Two women in their 80s passed away, both residents of St. Peter’s Nursing & Rehabilitation Center with multiple underlying health conditions. The death toll for the county stands at 128 since the county began tracking them back in March.
"One passed away on July 28 and the other one passed away on July 31, we were just notified of that [Monday]," McCoy said.
Those cases include two healthcare workers or those who live in congregate settings, two with close contacts to positive cases, one who had reported traveling out of state, and one who did not have a clear source of...transmission.
In total there have now been 2,310 confirmed positive cases of COVID-19 in Albany County as of Tuesday. Plus, the number of people under mandatory quarantine has decreased to 575. The five-day average for new daily positive cases has dropped to 8.2. The county has 31 active cases.
Thus far, 7,557 people have completed quarantine. Of those who completed quarantine, 2,279 of them have tested positive and recovered, an increase of eight.
Presently, two people are hospitalized, raising the hospitalization rate to 0.08%. Plus, there is now one patient in the Intensive Care Unit (ICU).
Albany County Department of Health Commissioner Dr. Elizabeth Whalen joined the briefing to discuss the data being monitoring on the County COVID-19 Dashboard Tracker. The highest age group continues to be the 20 to 29 group, which has 480 positive cases.
"Overwhelmingly, we have had positive responses from whether it's a business or a daycare or the schools that we have interacted with," Whalen remarked.
"People are very interested in working with us and doing the right thing to make sure people are tested. People in the public are coming forward to get their tests when they are recommended and this is a good thing," Whalen explained.
Yet, Whalen once again emphasized the need for the 20 to 29 age group to help them in their tracking of cases.
"We really need to continue to target that 20 to 29 age group. That was the investigation where we would call people and they would say 'yeah, I knew people at the party but I'm not telling you who was there,"' Whalen said.
"We simply don't get those responses when we call about schools or we call about businesses," Whalen said. "So, again for that age group, please remember that your contacts are important for us to be aware of.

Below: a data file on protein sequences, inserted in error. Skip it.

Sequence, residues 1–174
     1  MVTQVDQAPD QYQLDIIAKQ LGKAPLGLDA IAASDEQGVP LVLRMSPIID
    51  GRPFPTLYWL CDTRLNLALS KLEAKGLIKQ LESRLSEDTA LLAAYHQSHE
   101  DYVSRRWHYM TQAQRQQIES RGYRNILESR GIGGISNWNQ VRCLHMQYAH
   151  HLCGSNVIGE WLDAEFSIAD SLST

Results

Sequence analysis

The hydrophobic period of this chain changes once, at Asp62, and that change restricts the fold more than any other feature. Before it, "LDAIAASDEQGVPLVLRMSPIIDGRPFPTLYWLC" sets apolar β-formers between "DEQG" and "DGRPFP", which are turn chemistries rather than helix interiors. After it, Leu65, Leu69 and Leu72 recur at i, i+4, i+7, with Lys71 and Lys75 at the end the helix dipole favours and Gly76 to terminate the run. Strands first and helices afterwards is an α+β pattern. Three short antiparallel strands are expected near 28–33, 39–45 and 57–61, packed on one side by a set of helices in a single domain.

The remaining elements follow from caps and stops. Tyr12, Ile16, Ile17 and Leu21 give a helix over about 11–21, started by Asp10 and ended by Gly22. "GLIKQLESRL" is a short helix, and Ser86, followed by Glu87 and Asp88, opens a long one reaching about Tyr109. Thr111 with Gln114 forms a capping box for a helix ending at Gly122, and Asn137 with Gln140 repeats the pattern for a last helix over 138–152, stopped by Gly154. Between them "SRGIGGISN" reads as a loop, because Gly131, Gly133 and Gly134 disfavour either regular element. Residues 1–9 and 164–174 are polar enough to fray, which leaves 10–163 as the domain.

"Nobody's getting in trouble here but we want to make sure that we can control this and in controlling it protect your loved ones including those you may know that are elderly or vulnerable."
"Again to reinforce, just because you're young and healthy doesn't mean you cannot have a severe case of COVID-19, so please ensure that you're doing what you can to protect your health," Whalen added.
Also at the press conference, McCoy and Albany County Legislature Chairman Andrew Joyce, touched on the importance of youth programs in the community to help stem violence.
“Albany County continues to fight a battle with two fronts: The ongoing COVID crisis and the spike in shootings in Albany, both of which have tragically taken too many lives and done untold harm to the community. I’m proud to take another step forward in addressing that gun violence by investing in these summer youth programs for at-risk youth,” McCoy said.
“Law enforcement alone cannot address this issue. We need to invest in rewarding opportunities for our young people to learn and grow in safe environments, and we can do that through sports, physical fitness, the arts, mentorship, career development and more," McCoy noted.
"In the Albany County Legislature, we spell out our priorities in our budgeting," Joyce remarked.
"We had the foresight in 2019 to move funding to our Department for Children, Youth and Families because we know how important youth programming is in our communities. We're very fortunate to be able to provide these resources to the amazing people who can implement them in a productive and safe manner," Joyce added.
The two mentioned that Albany County has contracted with five local organizations to provide rewarding experiences for this summer.
Two of those, Jamil Hood’s House of Hoops and Just Be Ready, focus on basketball skills and drills, as well as mentorship components for at-risk youth.
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